A while ago we read a book from the library, Sylvester and the New Year and I was so enchanted by it - the story, the illustration, the production of the book, everything - that I had to contact the publishers and thank them for it, and they were kind enough to send me some books to read with my kids and review here on the blog! So instead of my usual post, this week I will talk a little about the publisher and then review four of the seven books that they sent me. The others will be coming soon, I just wanted to be in keeping with the number of books that I usually talk about!
There isn't a huge amount online about Far Far Away Books, but I have discovered that they were founded in 2011 and are a publisher of a large number of beautiful picture books for children of various ages. They also publish a beautiful range of fairy tales, one of which will be featured in this post, and for all of which they plant a tree for every book sold. You can see the book trailer for The Three Little Pigs here.
The books are also all beautiful, colourful and printed on high quality paper (and would make brilliant Christmas presents this time of year!).
I'll start with our favourite of the lovely books we were sent. Rumplestiltskin by Noel Grammont and Peter Bailey is a retelling of the popular fairy tale, of which I've always been a fan. In a lot of ways this retelling is very faithful to the original which I really liked as I don't like it when fairy tales are totally changed in order to cater to kids, but the ending is a little nicer and more resolved than the original tale as I remember it, which I thought worked very well. We took it on a train journey with us the day it arrived and read it about five times that day alone I believe - high praise from my three year old! My favourite thing about it though is how eye catching it is. Inside the text is often in different sizes and colours for emphasis and it makes it really fun to read. I also thought the illustration was absolutely beautiful; not at all overdone and pretty much perfect to compliment the story. I forsee it being loved for a long time to come!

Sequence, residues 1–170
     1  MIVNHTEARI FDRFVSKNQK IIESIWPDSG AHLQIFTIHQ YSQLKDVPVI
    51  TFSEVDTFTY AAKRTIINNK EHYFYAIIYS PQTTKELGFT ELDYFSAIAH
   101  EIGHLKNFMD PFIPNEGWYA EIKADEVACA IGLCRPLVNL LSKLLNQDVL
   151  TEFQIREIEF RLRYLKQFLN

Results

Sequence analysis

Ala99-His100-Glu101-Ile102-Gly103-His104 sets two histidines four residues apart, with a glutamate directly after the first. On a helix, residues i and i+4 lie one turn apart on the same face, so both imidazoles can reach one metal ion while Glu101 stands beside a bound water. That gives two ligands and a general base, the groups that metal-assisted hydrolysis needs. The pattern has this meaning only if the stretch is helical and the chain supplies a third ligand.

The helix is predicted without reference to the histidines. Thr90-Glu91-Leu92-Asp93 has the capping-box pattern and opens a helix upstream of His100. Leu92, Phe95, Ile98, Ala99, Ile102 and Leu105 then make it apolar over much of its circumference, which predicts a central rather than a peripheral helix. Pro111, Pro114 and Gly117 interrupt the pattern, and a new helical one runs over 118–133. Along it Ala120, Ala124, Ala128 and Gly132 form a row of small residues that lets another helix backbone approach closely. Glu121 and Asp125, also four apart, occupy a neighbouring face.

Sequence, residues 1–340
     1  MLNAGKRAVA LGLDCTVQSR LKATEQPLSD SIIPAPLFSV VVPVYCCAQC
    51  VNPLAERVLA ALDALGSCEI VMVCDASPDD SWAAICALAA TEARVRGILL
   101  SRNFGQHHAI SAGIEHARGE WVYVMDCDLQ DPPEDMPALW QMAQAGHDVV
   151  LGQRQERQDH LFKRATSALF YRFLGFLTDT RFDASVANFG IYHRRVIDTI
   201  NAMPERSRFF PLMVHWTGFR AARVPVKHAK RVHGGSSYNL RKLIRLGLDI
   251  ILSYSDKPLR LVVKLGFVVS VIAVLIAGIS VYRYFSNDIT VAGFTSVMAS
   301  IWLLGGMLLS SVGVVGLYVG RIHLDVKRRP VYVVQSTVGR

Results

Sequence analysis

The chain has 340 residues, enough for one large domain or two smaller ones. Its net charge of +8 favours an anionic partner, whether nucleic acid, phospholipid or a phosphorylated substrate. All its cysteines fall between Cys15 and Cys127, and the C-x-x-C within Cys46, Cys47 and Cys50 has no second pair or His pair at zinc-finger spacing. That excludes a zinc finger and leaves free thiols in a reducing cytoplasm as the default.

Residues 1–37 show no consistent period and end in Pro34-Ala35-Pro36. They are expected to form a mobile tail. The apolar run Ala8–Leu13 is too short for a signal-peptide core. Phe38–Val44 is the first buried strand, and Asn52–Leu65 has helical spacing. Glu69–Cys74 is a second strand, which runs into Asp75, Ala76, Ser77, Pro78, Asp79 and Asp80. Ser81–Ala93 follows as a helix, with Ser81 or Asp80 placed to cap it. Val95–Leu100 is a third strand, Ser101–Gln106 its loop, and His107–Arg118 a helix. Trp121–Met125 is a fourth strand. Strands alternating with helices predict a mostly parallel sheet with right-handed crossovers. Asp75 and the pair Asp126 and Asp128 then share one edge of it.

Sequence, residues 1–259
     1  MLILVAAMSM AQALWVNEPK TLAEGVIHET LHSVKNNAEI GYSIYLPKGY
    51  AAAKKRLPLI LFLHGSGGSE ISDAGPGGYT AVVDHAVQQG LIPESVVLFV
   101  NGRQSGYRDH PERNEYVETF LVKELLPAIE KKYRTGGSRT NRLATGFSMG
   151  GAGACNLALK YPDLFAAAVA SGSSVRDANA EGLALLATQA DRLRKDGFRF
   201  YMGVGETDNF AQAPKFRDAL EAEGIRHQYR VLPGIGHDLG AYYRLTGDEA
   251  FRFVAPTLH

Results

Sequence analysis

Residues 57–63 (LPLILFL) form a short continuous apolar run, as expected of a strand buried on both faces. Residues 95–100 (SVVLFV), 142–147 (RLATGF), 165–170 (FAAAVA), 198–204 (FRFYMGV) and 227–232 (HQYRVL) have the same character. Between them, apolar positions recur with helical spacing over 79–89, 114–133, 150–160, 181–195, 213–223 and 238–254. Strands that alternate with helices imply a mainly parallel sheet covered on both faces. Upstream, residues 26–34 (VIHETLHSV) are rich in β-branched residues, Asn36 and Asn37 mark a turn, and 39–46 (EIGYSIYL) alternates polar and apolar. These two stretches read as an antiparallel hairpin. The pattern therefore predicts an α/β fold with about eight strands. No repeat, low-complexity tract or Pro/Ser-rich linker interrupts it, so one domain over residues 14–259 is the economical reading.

Also by Noel Grammont with Nina Filipek and Emmeline Pidgen is The Ocean Counting Book, a simple and sweet little story about a giraffe who is tired of looking at trees and builds a boat to discover new things in the ocean. Again it's really colourful and charming and we had to spend a while on any page with fish on as Sam is currently obsessed with the word ('fis!' 'fis!'). It's a lovely, beautifully produced counting book with a very sweet little story.
The last two I want to talk about today are both by Chloe Elliot and Dean Russell and were also both big hits with the kids. So Frog is a great, simple little story about a frog who hops away from his mummy and all the things that he does during his busy day. As you can probably see from the cover illustrations, it's also full of colour (a recurring theme with these gorgeous books) and the rhymes are lovely. It's a much simpler story than Rumplestiltskin and suits a younger age group perfectly. Sam brings it to me a couple of times a week at the moment which is impressive considering he often won't sit through a story unless it's bedtime.
Finally Mouse and the Moon Made of Cheese tells the tale of a mouse who believes the moon is made of cheese and wants to eat it up. He goes around asking people who he thinks will be able to help him get to the moon, and despite them all telling him he's wrong and the moon is not made of cheese, he never gives up. A funny little story about not giving up on your dreams, and again gorgeously illustrated.
There are a lot of interesting looking titles coming in 2016 from Far Far Away Books and I'm so thankful to them for sending us these beautiful books to read and love! Reviews of the other three will be coming very soon, but in the meantime you can find out about them on their website.
Catch up with the rest of the Make Mine an Indie series here
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